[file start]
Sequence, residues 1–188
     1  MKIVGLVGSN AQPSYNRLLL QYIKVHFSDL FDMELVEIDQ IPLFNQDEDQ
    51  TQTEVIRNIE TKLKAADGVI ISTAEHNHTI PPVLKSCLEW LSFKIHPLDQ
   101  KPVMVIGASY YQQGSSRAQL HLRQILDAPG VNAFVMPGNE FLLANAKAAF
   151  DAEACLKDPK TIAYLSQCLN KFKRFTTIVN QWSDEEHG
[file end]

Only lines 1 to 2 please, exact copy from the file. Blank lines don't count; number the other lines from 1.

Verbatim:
Sequence, residues 1–188
     1  MKIVGLVGSN AQPSYNRLLL QYIKVHFSDL FDMELVEIDQ IPLFNQDEDQ